HUNTSVILLE, Ala. — A former James Clemens High School female student filed a lawsuit alleging assault and invasion of privacy by her former teacher and coach, and civil rights violations and negligent supervision by Madison City Schools’ superintendent.
The focus of the lawsuit is primarily on alleged conduct in 2017 by the then-junior varsity girls basketball coach Philip Dewayne Perkins and how the female student’s complaints were allegedly handled by Superintendent Robby Parker.
The lawsuit was filed by the student, listed as “Jane Doe,” in federal court last week.
- Perkins touched the student inappropriately on several occasions;
- That the student was miserable and her grades suffered due to the misconduct, eventually causing her to consider suicide and undergo in-patient mental health treatment;
- The case was referred to the Madison Police Department, and the Madison City Schools put Perkins on leave while it conducted its own investigation;
- The police department did not charge anyone in connection with the matter;
- The Madison City Schools’ investigation found no evidence to support the student’s claims and reinstated Perkins;
- A second allegation of inappropriate conduct with another student was alleged. Perkins was again placed on leave for a period, but has been allowed to return and teach online classes;
- Parker negligently failed to train and supervise Perkins and failed to terminate him after notice of alleged abuse and assault.
The Madison City Schools provided the following statement to WHNT News 19 regarding the lawsuit:
“Superintendent Parker and an employee of Madison City Schools have been served with a lawsuit brought by the parents of an anonymous student who has petitioned the Court not to have their identity disclosed.
“This matter was fully investigated in 2018 by Madison Police Department after a complaint was brought to them by the family.
“Madison City Schools also investigated the matter after learning of the complaint made to the Madison Police Department. Madison City Schools’ investigation included meetings with the family and interviews with students and faculty. The allegations of assault or other misconduct made at that time were not corroborated by either the Madison Police Department or the Madison City Schools’ investigation. Mr. Parker denies the allegations of the complaint and it will be vigorously defended.”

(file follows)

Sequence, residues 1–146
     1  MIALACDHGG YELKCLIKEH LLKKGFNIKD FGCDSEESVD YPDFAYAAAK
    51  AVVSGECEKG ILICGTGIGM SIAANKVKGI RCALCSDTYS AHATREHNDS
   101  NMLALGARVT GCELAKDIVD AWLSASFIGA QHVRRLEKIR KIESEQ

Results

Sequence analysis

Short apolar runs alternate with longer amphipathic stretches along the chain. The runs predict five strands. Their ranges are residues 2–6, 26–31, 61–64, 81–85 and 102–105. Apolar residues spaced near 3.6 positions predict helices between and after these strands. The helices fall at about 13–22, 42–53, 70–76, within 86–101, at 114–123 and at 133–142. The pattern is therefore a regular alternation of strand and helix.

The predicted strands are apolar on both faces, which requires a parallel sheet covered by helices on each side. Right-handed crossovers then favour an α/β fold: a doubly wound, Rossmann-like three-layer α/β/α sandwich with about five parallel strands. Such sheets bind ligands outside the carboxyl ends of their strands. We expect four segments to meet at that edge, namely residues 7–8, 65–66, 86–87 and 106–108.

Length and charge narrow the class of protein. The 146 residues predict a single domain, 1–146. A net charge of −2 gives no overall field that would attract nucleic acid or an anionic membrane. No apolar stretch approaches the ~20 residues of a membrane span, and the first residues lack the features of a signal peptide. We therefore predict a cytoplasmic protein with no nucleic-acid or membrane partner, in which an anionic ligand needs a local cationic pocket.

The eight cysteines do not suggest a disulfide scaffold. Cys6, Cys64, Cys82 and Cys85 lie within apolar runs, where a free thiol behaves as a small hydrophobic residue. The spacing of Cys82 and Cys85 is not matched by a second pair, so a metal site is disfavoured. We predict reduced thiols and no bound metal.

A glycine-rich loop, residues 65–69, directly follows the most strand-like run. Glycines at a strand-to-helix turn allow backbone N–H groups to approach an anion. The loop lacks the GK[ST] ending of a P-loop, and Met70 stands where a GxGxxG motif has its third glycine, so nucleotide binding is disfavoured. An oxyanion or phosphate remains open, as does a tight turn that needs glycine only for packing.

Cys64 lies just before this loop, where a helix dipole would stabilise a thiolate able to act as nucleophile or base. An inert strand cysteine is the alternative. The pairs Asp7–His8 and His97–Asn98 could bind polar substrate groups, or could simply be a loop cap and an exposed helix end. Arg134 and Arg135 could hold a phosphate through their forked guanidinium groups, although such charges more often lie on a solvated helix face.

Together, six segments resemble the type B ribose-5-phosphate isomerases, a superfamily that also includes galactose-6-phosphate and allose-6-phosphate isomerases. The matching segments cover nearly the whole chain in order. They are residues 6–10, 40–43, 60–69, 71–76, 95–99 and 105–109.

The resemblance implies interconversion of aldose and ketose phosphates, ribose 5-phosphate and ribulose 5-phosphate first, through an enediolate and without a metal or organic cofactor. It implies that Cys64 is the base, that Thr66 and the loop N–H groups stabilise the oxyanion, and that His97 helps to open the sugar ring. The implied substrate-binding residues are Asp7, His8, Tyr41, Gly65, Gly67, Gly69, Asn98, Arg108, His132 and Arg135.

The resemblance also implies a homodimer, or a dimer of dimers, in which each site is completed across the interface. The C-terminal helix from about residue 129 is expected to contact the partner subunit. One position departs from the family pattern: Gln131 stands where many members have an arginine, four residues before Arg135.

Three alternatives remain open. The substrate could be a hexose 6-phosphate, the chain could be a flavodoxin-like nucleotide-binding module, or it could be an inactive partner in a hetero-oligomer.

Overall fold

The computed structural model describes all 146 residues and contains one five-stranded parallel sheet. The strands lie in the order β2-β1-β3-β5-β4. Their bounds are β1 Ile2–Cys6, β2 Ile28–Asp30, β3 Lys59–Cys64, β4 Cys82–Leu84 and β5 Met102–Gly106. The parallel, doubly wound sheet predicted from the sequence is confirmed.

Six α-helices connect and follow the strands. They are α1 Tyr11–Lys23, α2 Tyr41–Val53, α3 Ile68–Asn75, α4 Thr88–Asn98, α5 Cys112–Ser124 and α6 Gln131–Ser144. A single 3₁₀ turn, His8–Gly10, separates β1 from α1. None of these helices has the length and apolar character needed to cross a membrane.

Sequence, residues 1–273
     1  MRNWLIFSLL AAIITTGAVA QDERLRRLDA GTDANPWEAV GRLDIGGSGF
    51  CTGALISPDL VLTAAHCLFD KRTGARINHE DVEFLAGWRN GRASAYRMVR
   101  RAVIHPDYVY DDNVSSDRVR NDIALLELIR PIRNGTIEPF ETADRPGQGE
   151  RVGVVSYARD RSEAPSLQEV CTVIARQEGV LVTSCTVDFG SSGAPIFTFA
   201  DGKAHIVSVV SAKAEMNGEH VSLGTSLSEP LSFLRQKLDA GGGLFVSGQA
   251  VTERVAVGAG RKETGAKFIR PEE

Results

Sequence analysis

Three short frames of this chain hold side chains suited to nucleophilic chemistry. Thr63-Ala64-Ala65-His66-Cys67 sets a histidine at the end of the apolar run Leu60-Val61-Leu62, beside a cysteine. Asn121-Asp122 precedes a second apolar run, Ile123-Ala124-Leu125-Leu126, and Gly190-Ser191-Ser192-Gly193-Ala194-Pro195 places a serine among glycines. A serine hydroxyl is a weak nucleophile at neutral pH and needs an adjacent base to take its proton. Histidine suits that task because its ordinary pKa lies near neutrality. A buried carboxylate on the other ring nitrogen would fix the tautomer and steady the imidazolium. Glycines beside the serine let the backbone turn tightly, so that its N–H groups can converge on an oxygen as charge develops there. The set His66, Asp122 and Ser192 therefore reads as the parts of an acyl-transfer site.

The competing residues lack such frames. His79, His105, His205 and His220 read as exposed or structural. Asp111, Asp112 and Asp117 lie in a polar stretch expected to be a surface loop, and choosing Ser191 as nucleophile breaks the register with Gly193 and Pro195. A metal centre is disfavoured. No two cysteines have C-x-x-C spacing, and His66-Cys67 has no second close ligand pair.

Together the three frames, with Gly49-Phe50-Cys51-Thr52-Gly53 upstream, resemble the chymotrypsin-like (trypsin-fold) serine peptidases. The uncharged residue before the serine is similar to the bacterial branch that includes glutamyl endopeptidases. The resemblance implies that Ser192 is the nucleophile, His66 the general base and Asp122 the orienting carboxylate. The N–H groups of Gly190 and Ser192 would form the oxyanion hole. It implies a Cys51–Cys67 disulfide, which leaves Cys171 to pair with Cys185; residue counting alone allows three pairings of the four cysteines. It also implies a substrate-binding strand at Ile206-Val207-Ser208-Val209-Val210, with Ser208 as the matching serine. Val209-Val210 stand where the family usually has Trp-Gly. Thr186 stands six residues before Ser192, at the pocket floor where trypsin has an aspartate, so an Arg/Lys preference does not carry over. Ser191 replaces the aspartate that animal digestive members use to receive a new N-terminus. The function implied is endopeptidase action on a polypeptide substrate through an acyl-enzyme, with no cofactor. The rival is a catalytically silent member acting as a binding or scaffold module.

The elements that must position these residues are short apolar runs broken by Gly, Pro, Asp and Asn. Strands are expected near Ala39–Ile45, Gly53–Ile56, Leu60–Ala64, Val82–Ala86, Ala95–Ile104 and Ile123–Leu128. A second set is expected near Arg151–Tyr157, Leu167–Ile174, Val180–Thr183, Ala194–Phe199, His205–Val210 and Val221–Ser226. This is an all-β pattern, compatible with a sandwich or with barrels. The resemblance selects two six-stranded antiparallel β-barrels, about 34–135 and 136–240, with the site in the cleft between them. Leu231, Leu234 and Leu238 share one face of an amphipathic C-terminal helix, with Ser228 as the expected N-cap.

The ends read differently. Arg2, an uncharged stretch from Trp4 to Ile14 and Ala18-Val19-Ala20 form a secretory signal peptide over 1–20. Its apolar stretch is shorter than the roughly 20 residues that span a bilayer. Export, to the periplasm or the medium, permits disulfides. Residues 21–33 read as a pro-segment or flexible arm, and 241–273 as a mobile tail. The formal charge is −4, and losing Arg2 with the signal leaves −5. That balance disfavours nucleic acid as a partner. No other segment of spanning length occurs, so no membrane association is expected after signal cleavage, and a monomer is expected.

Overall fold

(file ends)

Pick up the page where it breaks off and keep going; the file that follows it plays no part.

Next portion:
The lawsuit claims while the student was a 14-year-old freshman, she made the JV girls basketball team. Perkins was both her coach and a teacher in one of her classes. The lawsuit claims he singled her out in both the classroom and on the court for mistakes, embarrassing her in front of classmates.
The lawsuit also contends Perkins singled the student out for other unwelcome attention. It reads, “At various points in the semester, Perkins commented to Doe that she was ‘not allowed to talk to any boys,’ that she was ‘[his] and no one else’s,’ and that she was ‘not allowed to sit with any boys.’
“During one incident, Perkins directed Doe to move away from two male classmates that she and two other teammates were socializing with on the gym bleachers. Perkins made Doe sit next to him while allowing her two female teammates to remain with the boys.”